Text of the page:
➡️ So you want to use context (https://reactjs.org/docs/context.html) 🙌
➡️ So you want your context to provide state and a function to update the state.
➡️ So you want to use Typescript.

Try this:

import { createContext } from "react";const Context = createContext({
state: [] as string[],
dispatch: (state: string) => {},

🤫 Assumes that stateis a string Array.

Maybe this is obvious, but it took me a while to type the defaultValue passed to createContext.

The cast for state: [] as string[] is interesting. If you don’t cast, Typescript will complain when you pass state to context’s…

Photo by Steve Tsang on Unsplash

Recently I read an article about how to “get rid of if / else statements with OOP”.

Oh, I thought, probably there’s a map / associative array to match an input to an output instead of a switch or nested ifs. Cool! Let’s check it out. Wonder what the OOP bit is…

Of course, our old friend polymorphism. Turns out the advice was to write a big if / else and return a different class for each condition. The classes extend the same parent so can be consumed by the caller with the magic of polymorphism. …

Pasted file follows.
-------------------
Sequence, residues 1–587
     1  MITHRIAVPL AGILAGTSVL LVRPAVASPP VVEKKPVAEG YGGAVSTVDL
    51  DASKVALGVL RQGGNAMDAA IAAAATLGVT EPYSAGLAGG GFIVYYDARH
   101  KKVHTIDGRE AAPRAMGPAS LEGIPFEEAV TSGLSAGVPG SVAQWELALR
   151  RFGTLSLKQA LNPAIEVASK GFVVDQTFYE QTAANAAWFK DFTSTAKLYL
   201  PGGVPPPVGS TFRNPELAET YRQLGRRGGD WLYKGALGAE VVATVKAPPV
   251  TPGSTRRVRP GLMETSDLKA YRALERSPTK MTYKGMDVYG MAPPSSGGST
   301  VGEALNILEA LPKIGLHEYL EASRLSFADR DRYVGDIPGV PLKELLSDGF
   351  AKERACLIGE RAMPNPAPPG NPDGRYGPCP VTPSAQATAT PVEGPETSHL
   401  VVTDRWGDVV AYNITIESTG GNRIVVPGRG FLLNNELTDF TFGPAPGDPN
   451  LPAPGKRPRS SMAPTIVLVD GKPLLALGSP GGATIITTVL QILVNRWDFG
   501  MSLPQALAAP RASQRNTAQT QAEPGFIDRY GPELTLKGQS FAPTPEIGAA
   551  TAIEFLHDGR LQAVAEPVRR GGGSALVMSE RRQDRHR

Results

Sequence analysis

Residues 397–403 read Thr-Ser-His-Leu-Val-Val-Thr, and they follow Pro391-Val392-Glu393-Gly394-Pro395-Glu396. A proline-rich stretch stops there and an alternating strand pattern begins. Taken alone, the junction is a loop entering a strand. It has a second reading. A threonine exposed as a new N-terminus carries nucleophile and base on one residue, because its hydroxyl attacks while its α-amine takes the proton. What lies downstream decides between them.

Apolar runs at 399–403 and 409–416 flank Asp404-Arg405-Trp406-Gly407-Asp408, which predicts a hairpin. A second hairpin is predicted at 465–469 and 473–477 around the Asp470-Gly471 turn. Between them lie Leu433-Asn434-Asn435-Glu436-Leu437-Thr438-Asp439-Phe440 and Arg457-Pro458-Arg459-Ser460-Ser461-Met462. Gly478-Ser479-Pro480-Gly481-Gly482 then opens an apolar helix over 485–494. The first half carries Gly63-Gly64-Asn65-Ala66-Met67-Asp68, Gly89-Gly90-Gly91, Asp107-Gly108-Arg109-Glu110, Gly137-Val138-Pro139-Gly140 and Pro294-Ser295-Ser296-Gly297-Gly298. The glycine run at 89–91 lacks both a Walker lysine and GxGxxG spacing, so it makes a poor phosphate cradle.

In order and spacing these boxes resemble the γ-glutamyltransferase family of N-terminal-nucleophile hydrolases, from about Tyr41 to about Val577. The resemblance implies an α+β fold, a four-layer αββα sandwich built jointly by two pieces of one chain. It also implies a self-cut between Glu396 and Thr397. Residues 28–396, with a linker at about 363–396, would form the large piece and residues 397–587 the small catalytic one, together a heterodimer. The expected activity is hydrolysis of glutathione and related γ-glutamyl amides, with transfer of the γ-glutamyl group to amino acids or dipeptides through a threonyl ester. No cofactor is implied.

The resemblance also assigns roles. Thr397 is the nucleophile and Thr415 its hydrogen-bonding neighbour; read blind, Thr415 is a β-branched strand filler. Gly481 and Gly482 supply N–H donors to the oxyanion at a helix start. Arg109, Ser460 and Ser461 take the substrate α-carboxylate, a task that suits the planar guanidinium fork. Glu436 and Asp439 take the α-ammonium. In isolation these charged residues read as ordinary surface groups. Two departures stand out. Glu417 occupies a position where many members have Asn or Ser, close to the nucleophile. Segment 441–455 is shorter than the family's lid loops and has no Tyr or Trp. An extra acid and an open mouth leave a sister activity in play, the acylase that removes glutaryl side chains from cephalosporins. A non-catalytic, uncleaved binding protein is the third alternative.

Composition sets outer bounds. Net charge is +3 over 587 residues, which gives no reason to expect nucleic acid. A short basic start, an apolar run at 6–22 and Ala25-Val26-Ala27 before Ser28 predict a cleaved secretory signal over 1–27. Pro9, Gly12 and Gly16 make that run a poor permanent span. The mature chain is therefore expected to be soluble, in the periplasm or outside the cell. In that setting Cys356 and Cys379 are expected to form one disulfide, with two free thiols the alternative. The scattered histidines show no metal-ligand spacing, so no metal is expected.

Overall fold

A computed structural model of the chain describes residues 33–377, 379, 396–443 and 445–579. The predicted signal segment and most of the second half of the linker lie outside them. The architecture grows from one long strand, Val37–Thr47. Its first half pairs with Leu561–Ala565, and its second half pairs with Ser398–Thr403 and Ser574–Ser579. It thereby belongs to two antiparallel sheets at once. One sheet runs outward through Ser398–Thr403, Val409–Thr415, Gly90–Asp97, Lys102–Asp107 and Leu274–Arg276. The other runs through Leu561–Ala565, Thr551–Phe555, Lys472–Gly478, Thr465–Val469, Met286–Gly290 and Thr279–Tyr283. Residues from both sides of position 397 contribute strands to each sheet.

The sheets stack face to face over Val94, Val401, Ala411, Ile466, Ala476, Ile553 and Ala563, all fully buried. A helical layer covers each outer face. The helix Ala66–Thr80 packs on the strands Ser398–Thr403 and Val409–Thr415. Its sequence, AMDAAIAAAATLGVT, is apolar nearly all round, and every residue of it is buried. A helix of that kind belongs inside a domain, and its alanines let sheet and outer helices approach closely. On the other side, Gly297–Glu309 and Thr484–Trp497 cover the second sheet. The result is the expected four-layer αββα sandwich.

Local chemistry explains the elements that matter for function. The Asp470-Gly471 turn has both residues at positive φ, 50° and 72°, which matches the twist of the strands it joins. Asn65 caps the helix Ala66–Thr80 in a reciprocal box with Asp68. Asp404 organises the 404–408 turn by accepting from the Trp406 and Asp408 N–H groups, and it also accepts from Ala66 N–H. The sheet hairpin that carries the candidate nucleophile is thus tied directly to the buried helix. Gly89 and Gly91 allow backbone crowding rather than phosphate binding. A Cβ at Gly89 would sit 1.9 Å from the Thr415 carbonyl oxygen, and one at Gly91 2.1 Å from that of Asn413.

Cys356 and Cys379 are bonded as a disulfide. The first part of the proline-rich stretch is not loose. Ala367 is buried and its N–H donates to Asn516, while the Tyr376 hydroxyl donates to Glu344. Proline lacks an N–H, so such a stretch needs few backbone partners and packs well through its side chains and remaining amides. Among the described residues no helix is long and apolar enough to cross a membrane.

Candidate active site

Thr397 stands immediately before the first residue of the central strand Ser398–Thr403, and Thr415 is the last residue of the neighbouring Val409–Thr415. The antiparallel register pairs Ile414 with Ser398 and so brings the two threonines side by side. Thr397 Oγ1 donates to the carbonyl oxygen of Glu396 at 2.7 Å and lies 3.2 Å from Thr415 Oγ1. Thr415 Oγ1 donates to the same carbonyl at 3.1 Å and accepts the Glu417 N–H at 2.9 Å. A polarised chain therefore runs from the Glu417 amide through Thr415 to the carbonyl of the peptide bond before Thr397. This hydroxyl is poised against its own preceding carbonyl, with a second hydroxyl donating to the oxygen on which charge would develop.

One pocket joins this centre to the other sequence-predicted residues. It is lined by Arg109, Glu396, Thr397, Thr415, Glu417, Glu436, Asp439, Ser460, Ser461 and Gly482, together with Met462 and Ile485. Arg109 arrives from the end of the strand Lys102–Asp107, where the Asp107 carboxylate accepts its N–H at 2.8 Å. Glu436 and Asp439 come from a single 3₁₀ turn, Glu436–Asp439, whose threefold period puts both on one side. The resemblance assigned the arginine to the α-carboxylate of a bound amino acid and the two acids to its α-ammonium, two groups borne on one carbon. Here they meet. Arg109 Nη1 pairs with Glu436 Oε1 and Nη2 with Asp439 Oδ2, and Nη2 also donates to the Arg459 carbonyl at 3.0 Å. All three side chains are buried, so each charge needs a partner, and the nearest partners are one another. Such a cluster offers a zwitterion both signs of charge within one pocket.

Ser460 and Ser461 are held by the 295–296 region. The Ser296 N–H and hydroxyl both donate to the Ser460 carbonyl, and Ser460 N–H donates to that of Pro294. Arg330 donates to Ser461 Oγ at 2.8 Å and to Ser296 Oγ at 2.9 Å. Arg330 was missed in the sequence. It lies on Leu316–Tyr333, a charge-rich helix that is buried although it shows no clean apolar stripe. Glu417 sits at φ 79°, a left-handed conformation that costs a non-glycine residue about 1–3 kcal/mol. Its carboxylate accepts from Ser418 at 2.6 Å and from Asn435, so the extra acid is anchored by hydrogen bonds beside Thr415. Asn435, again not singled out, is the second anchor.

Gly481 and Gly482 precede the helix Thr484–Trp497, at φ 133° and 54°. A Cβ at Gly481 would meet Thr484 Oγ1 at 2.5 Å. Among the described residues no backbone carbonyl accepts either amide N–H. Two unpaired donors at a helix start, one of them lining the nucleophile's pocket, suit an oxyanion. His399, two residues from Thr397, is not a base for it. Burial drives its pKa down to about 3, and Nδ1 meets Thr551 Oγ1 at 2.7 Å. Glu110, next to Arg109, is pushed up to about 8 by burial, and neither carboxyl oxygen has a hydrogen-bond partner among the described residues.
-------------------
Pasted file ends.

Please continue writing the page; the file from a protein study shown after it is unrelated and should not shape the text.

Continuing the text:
JavaScript frameworks dominate the front-end web technology conversation. But do they really make it easier to build web applications?

There is an incredibly low barrier to creating a web page. With just a text editor, pictures, words and buttons can be summoned with little effort. This is a wonderful experience and has undoubtedly drawn many to the art. But attempt to create anything sophisticated, even just adding responsive behaviour, and suddenly a simple endeavour becomes exponentially difficult to understand and modify.

This is a familiar problem in programming and often solved with encapsulation. Build components — behavioural or visual elements…

Gabriel McCallin

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